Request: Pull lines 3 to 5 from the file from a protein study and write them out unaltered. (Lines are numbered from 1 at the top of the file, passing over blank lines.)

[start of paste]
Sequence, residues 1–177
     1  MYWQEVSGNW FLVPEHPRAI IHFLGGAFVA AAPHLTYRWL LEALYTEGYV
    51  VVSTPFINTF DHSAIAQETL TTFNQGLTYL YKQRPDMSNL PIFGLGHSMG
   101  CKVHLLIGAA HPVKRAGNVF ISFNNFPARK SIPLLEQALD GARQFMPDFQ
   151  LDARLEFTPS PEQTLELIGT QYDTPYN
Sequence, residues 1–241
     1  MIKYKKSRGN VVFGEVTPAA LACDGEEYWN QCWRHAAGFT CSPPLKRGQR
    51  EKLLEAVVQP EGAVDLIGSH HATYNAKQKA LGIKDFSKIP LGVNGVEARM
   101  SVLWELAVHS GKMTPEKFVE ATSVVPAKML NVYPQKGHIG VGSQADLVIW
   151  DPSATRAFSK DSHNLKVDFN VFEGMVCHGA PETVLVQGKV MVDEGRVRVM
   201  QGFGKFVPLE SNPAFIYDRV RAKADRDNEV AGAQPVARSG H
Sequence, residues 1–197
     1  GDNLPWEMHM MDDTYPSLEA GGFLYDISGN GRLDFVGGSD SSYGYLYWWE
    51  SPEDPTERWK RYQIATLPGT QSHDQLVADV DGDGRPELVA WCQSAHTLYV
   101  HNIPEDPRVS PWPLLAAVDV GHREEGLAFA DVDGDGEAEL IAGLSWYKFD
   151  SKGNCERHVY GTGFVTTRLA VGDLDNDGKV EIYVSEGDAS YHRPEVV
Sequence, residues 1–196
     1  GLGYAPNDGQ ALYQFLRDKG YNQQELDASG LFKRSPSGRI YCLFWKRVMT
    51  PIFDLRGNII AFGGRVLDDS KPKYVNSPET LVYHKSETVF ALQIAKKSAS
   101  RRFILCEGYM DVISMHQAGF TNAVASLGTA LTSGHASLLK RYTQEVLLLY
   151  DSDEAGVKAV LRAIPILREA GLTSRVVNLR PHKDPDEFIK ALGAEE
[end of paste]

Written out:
    51  VVSTPFINTF DHSAIAQETL TTFNQGLTYL YKQRPDMSNL PIFGLGHSMG
   101  CKVHLLIGAA HPVKRAGNVF ISFNNFPARK SIPLLEQALD GARQFMPDFQ
   151  LDARLEFTPS PEQTLELIGT QYDTPYN